Lesson Plan

Introduction to Charts and Diagrams

Charts, graphs, and diagrams are complex text features for students to decipher. Use this lesson to familiarize students with these features. It can be taught on its own or before the lesson Charts and Graphs and Diagrams, Oh My!
Download lesson plan
This lesson can be used as a pre-lesson for the Charts and Graphs and Diagrams, Oh My! lesson plan.
Grade
Subject
View aligned standards
This lesson can be used as a pre-lesson for the Charts and Graphs and Diagrams, Oh My! lesson plan.

Objectives

Academic

Students will be able to read and analyze charts, graphs, and diagrams.

Language

Students will be able to describe nonfiction text features such as charts, diagrams, and graphs, using visuals and sentence frames.

Introduction

(3 minutes)
Teach Background Knowledge TemplateWrite Student-Facing Language Objectives ReferenceCharts, Graphs, and Diagrams in NonfictionGlossary: Introduction to Charts and DiagramsVocabulary Cards: Introduction to Charts and Diagrams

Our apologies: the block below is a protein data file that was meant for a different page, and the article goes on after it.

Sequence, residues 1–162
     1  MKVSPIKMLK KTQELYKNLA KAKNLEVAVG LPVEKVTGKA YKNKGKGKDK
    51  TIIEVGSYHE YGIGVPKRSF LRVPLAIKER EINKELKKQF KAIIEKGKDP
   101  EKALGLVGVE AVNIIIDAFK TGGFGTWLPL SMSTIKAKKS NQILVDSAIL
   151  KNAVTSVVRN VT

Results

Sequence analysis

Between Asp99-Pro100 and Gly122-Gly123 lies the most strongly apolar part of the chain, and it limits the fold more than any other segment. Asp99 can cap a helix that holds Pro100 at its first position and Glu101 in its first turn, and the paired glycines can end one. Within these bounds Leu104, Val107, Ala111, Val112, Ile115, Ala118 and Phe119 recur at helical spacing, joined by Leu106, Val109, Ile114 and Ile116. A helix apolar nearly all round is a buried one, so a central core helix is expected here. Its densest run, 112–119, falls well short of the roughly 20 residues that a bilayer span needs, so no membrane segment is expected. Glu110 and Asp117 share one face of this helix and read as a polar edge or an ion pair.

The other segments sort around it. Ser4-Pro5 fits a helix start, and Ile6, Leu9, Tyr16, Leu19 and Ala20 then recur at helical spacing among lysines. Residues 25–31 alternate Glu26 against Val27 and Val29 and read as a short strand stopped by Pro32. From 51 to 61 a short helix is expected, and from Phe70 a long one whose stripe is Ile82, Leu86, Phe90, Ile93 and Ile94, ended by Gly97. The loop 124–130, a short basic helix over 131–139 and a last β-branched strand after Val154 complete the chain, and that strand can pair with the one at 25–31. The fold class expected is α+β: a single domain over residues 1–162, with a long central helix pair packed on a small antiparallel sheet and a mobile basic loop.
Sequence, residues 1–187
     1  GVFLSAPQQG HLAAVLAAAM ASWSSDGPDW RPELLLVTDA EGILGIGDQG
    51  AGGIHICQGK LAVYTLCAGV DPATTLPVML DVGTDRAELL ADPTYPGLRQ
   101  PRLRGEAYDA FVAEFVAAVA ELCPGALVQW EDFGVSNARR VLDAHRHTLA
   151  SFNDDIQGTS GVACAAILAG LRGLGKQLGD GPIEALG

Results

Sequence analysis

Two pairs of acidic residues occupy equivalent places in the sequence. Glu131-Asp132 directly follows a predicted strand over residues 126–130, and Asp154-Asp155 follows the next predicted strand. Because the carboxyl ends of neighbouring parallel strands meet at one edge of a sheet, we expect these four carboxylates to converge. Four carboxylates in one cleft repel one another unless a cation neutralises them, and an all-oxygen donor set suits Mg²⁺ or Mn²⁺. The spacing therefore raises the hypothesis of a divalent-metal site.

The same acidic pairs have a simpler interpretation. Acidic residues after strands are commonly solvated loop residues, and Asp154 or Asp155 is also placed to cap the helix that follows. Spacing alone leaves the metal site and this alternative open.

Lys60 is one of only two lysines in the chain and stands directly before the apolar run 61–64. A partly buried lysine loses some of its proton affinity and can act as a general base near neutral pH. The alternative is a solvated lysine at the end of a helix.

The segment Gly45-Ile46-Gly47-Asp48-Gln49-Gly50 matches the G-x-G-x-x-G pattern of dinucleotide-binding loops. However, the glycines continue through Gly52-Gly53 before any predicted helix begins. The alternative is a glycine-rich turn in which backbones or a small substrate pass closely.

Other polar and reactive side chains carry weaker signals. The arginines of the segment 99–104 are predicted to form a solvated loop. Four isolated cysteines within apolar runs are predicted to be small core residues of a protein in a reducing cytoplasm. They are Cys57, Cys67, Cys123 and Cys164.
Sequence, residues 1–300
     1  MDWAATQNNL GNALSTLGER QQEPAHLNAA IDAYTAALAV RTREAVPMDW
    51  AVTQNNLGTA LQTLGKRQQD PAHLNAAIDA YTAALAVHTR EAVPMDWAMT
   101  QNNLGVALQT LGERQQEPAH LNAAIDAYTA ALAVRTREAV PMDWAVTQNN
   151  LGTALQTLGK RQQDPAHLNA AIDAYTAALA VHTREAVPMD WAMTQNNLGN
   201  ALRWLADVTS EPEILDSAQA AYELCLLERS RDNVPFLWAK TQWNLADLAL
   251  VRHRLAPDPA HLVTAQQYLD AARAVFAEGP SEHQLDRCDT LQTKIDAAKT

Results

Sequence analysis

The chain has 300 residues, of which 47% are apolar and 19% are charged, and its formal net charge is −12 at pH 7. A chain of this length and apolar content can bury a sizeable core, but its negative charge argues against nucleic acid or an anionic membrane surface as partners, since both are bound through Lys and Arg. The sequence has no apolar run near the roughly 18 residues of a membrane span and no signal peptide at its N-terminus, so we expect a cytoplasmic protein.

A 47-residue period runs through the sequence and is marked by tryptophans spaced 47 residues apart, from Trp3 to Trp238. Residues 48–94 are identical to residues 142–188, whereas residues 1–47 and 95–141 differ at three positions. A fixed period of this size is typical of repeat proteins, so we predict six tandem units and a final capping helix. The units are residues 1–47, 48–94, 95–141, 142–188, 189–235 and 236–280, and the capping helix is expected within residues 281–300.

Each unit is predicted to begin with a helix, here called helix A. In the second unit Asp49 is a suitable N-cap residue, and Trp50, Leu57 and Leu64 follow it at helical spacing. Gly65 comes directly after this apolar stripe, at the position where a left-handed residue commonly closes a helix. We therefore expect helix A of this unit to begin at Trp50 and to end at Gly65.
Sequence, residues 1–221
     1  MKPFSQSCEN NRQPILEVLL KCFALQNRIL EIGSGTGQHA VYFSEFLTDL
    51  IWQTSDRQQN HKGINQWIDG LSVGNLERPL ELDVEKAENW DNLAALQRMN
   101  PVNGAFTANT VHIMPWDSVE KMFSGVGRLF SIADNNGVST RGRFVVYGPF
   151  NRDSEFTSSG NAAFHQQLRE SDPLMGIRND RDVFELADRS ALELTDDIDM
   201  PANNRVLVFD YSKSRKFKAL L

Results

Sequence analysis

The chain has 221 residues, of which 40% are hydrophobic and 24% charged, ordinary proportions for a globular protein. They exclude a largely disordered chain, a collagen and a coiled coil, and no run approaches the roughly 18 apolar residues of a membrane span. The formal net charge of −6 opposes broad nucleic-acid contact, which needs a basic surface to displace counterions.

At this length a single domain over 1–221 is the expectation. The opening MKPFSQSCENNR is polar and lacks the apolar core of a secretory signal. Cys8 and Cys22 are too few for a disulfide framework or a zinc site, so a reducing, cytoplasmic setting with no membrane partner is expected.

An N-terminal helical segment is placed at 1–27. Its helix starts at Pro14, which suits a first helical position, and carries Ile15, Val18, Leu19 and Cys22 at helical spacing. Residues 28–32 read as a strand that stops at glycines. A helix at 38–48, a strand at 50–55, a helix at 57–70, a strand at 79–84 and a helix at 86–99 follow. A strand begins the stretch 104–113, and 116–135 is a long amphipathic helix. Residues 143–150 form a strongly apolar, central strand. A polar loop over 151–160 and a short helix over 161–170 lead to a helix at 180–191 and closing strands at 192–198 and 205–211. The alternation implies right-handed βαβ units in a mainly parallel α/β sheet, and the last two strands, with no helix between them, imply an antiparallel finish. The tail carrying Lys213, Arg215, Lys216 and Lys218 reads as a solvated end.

• Show students a few visuals of charts, diagrams, and graphs from nonfiction books in your class or printed from the internet. Ask them to turn to a partner to discuss what they see and where they have seen them before. Invite a few students to share their responses and record them on a piece of chart paper with the title "Text Features."
  • Tell students that these images are examples of text features, usually used in nonfiction texts, to give the reader more information about the topic.
  • Inform students that there are many (at least 15) other text features used in nonfiction but for today's lesson, they will focus on three types of text features: charts, graphs, and diagrams.